Don’t tell your team that the toxic person is nice deep in their core. Don’t humanise their behaviour. Bullies with a million reasons are bullies still. If there’s a deep underlying cause, it is their responsibility to work on it. It’s not yours to tell them. It’s definitely not the victim’s.

I watched a toxic person rise through the ranks after we told people how they behaved. I watched them build a stronger army. I watched them fail at everything and get away with it every time. I watched them stay – no matter how badly we all threatened to leave.

I ultimately left for a very different reason but the day I left and realized there will never be another call, another look, another casual sentence thrown around to prove how low on the food chain I stood – I felt my shoulders relax, my heart stopped racing and I knew I’d done the right thing.

Not everyone can.

Anxiety

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I try to explain to her,

“Nothing scares me, nothing at all.

But from the moment I’m awake till the moment my eyes close,

I’m afraid of everything around me.

The things that could go so right and those that will go wrong.”

She laughs. She doesn’t understand. “How could you be so afraid?”

I want to tell her how this works.

I want to show her all my thoughts.

Instead I explain with a lot of words.

“I fly a lot, don’t I? I’ll tell you how this goes.

I’m packing at home. I’m terrified of leaving Mom.

I worry my dogs will die again. This time I won’t be around.

I worry I’ll leave a medicine. I worry I’ll leave my passport.

I worry I’ll miss my flight. I worry of getting caught.”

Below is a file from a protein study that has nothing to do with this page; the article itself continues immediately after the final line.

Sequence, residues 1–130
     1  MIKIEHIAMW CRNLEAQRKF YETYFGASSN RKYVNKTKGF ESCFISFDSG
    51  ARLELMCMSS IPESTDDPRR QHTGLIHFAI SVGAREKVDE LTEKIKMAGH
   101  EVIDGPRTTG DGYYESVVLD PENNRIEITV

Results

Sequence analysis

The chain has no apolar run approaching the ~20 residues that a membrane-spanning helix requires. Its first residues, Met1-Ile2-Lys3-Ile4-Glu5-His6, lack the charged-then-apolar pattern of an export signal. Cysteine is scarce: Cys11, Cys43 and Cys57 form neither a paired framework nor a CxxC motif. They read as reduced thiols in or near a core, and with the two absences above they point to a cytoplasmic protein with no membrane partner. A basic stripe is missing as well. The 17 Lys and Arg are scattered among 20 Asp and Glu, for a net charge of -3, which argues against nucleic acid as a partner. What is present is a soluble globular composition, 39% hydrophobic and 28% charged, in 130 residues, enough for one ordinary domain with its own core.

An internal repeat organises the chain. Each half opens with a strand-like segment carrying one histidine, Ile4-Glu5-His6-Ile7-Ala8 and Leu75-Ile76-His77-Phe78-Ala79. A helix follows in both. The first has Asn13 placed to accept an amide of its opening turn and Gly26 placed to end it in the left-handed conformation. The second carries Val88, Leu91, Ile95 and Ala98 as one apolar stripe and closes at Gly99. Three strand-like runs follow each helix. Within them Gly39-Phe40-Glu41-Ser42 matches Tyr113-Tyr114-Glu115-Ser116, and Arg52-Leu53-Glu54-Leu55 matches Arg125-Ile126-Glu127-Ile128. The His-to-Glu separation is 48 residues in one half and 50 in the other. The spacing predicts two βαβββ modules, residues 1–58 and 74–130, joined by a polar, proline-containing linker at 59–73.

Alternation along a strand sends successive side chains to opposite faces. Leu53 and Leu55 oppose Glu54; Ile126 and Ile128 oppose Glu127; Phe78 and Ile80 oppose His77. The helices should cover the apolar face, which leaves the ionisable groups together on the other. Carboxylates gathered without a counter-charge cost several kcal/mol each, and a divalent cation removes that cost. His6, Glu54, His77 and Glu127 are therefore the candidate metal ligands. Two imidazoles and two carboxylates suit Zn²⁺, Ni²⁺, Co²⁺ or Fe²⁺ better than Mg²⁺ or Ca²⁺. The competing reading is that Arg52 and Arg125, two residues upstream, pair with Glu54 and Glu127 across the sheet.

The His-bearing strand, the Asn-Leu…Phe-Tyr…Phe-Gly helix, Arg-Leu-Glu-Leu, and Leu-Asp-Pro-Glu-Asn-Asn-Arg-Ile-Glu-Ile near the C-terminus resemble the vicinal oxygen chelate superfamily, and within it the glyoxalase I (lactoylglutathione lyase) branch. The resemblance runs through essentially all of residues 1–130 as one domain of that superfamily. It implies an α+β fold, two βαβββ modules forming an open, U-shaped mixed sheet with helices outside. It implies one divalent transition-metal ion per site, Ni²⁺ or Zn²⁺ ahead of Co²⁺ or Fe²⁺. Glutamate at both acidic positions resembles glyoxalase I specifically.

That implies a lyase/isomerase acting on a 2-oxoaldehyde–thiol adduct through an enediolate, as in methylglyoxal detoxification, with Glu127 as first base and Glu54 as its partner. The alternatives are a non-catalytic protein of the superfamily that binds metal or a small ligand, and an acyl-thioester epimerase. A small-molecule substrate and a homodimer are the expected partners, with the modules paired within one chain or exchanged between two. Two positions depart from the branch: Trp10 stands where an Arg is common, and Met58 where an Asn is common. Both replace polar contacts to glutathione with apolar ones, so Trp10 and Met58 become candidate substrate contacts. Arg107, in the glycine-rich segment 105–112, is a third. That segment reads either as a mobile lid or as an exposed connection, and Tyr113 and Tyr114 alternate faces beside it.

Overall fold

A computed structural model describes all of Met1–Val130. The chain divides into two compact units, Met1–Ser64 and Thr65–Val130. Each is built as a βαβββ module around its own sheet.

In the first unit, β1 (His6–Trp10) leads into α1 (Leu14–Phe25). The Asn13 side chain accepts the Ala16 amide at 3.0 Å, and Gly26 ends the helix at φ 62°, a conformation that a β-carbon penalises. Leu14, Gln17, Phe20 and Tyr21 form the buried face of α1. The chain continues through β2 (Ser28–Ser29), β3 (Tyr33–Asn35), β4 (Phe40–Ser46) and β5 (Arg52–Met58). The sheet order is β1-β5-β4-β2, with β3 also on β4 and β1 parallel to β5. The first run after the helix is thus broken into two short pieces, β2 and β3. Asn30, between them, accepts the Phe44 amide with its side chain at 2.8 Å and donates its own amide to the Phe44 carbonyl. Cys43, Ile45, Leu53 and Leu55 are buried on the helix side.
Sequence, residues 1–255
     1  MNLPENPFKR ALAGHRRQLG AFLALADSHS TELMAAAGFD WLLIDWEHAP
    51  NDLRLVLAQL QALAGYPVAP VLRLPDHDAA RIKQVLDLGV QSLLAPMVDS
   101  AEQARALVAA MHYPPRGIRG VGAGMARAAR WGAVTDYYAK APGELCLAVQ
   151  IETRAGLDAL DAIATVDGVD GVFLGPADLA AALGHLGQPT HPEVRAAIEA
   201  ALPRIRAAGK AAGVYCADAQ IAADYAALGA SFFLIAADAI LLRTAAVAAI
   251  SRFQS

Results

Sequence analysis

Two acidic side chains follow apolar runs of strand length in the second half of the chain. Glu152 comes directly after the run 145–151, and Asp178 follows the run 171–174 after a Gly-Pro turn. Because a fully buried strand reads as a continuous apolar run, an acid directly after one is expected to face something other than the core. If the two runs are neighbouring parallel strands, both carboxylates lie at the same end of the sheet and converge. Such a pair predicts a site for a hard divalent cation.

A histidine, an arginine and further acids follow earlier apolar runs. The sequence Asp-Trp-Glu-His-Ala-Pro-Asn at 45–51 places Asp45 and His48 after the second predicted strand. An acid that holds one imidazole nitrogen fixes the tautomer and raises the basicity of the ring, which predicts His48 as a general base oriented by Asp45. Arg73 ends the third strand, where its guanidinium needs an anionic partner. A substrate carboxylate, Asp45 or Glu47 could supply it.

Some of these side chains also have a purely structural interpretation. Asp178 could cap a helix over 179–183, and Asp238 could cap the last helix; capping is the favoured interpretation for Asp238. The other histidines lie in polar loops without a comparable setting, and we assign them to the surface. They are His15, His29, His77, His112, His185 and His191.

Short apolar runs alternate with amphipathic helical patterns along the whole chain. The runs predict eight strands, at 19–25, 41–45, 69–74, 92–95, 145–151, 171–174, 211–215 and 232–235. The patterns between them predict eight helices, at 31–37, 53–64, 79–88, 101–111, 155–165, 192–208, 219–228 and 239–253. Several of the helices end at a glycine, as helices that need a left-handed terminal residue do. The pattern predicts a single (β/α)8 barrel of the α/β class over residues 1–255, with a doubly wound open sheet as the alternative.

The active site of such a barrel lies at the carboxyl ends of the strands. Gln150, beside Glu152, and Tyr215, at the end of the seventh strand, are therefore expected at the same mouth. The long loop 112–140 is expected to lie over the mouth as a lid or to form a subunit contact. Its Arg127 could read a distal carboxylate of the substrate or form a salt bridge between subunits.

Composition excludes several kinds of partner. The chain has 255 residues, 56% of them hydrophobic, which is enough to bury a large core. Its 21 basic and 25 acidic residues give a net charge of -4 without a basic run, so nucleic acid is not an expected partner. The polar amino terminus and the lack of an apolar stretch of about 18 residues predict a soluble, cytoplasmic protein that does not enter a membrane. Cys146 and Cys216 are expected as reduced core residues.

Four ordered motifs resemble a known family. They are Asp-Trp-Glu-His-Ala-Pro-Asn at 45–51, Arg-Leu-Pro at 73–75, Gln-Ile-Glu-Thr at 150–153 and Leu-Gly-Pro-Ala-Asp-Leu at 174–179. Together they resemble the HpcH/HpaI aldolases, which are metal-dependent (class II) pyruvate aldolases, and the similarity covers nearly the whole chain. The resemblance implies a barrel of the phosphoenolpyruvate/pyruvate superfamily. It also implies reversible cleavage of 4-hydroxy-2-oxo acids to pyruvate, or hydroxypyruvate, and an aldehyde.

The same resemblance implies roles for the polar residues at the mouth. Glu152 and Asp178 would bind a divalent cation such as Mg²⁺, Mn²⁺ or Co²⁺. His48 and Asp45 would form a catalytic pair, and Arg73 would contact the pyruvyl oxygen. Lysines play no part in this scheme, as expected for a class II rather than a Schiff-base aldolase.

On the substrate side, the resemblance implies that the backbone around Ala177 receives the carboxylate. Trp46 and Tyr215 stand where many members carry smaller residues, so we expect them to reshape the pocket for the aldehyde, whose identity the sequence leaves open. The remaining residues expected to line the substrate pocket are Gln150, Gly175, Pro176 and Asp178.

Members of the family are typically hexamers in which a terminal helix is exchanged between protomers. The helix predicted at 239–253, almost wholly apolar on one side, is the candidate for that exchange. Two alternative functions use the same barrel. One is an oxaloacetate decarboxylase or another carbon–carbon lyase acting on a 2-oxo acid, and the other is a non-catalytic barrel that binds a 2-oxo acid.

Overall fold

“Caught for what?” Her cluelessness makes me smile.

“If I knew, I’d be careful. But I don’t.

And that’s just where this all begins.”

She shakes her head with a smirk.

I don’t blame her.

I sound insane, even to myself.

But how else can I explain?

“I’m afraid of sitting next to a stranger.

I’m afraid he’ll be drunk.

I’m afraid the flight will face turbulence.

I’m afraid we won’t reach at all.

I’m afraid our parents will find out.

I’m afraid I might land safe.

I’m afraid that I won’t have a place to stay.

I know I booked that great space,

But what if it’s a scam? What if they had issues?

What if I’ve lost our money on something that doesn’t exist?

What if my trip sucks?

What if I get mugged?

What if you find me dead?

My life revolves around a series of what-ifs

And I’m at a point where I don’t know how to tell

If what I’m feeling is an instinct or just plain ol’ anxious.”

 

“You sound stupid. You should be like me.

Not a care in the world. Things will happen as they should.”

 

I want to tell her that’s my biggest fear.

“What if it all goes wrong and I can’t stop it?

It’s out of control and my life goes to shit?

How will I survive in the middle of chaos?”

I hear his words from a recent memory,

You can do this, darling. I believe in you.”

I smile a little.

His words calm my racing heart, if only for a minute.

 

But then it starts all over again.

And I sit on a train, clenching my fists, holding my tears,

“Oh God, please. Not again.”

She’s lost, yet right next to me.

She has no idea how fast my mind was running

We were headed to sign a contract,

Another thing that makes me cry.

 

Not just tears rolling down my face

Like a yesteryear actor and a bottle of glycerin.

I cry like a baby does in the middle of the night

Loud, breathless, arms at my side.

Unable to speak,

Unable to move,

Unable to breathe.

I cry hysteria but I sit where I am.

“Because I can’t move.”

“Why not?”

“Because it will be the death of me.”

“Says who?”

“Me. A dark version of me.

A deep voice inside of me.

I can’t move.”

One hand on my chest, I remain as I am.

Waiting for it to end.

Waiting to breathe again.

“Until the next time

I go through it all over again.”

 

She tells me she doesn’t understand.

I’m now afraid to explain.